Mallards in Eclipse

Male mallard in eclipse plumage, Colorado, July 2016 (photo from Wikimedia Commons)

7 July 2021

In the middle of summer the male ducks disappear — or so it seems. The males are still present but they look like females because they’ve molted into eclipse plumage.

Let’s take a look at mallards to see how this works.

Mallards (Anas platyrhynchos) replace all their feathers once a year but males and females do it at different times. Females molt while nesting (February–May); males molt after the breeding season (June–August).

The molt begins with a complete loss of remiges (wing flight feathers) that takes only a few days, rendering the bird flightless for 3-4 weeks. Fortunately males simultaneously replace their brightly colored body feathers with dull ones so they can hide in dense marshes. Eclipse plumage keeps them out of danger.

Here’s the transformation.

Male mallard gradually changing into eclipse plumage (photo from Wikimedia Commons)

Notice that the male’s head becomes mottled green (below) and then dull brown (photo at top).

Male mallard, head color is changing during molt (photo from Wikimedia Commns)

Once the males have made this transition it’s a challenge to tell them apart from females but here’s a clue. Look at their bills. In the summer males have yellow or greenish-yellow bills while females have dull orange-ish bills.

Mallards bills: male in eclipse, female in summer (photos from Wikimedia Commons)

Eventually the male starts to molt back to his typical plumage. Partway there he looks like this.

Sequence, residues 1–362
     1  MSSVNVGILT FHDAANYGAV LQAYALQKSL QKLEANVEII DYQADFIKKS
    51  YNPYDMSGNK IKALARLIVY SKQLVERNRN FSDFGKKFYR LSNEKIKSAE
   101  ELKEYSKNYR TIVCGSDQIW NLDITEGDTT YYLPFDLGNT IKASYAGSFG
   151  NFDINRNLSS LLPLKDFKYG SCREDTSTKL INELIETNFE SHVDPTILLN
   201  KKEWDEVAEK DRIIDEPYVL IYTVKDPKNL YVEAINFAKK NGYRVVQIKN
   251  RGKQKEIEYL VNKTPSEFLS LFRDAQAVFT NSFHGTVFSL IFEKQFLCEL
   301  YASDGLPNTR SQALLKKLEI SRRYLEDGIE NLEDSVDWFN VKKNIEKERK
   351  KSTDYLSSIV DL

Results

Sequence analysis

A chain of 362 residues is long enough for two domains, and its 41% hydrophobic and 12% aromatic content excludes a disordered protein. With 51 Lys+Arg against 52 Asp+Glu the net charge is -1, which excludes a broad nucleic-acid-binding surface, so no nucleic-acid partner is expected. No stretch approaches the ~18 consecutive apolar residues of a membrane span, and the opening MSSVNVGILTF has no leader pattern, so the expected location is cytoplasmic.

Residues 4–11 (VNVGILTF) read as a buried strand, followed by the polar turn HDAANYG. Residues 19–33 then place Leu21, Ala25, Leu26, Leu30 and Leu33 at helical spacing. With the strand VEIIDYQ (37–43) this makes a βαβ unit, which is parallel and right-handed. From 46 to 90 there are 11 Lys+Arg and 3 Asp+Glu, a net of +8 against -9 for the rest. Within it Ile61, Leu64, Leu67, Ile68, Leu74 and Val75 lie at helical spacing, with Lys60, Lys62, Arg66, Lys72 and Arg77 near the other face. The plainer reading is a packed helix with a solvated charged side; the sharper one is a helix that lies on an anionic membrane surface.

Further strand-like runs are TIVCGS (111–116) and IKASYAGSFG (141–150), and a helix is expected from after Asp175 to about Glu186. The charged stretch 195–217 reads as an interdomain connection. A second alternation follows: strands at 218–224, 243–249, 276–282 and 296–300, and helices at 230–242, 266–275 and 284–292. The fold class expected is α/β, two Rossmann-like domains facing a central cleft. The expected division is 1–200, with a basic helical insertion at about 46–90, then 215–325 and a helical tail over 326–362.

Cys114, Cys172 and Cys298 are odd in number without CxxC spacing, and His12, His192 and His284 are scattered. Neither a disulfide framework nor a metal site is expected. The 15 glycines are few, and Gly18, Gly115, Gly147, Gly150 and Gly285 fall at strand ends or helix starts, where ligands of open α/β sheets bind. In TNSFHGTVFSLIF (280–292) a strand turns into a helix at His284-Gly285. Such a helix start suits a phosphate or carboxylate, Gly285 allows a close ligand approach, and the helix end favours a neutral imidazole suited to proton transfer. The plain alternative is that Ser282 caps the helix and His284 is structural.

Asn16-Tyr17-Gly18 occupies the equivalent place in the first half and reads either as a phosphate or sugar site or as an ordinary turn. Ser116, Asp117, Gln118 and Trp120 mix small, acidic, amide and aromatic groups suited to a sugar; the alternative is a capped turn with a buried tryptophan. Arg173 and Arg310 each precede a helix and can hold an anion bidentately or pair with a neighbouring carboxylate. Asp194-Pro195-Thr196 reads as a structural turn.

Male mallard in eclipse in Illinois (photo from Wikimedia Commons)

And by November he’s back to his normal flashy self in time to court his springtime mate.

Male mallard in spring plumage including the curly tail (photo from Wikimedia Commons)

This summer when you see a mallard, look at the bill. Maybe he’s a male in eclipse.

(photos from Wikimedia Commons; click on the captions to see the originals)

2 thoughts on “Mallards in Eclipse

  1. It is *so* challenging to ID birds this time of year. We’ve had so many juveniles in our yard that just don’t look quite like the adults….juvenile red-bellied woodpeckers with no red on their heads at all, juvenile eastern towhees with no orange on them, what I’m pretty sure is juvenile rose-breasted grosbeaks that look like females but no striping on the head, almost olive juvenile cardinals with just a hint of red, and an all gray bird that maybe was a juvenile starling, or maybe a catbird? I couldn’t figure that one out. Sometimes I get excited thinking I’ve spotted a new bird that I’ve never seen before, and then figure out it’s just the local babies growing up.

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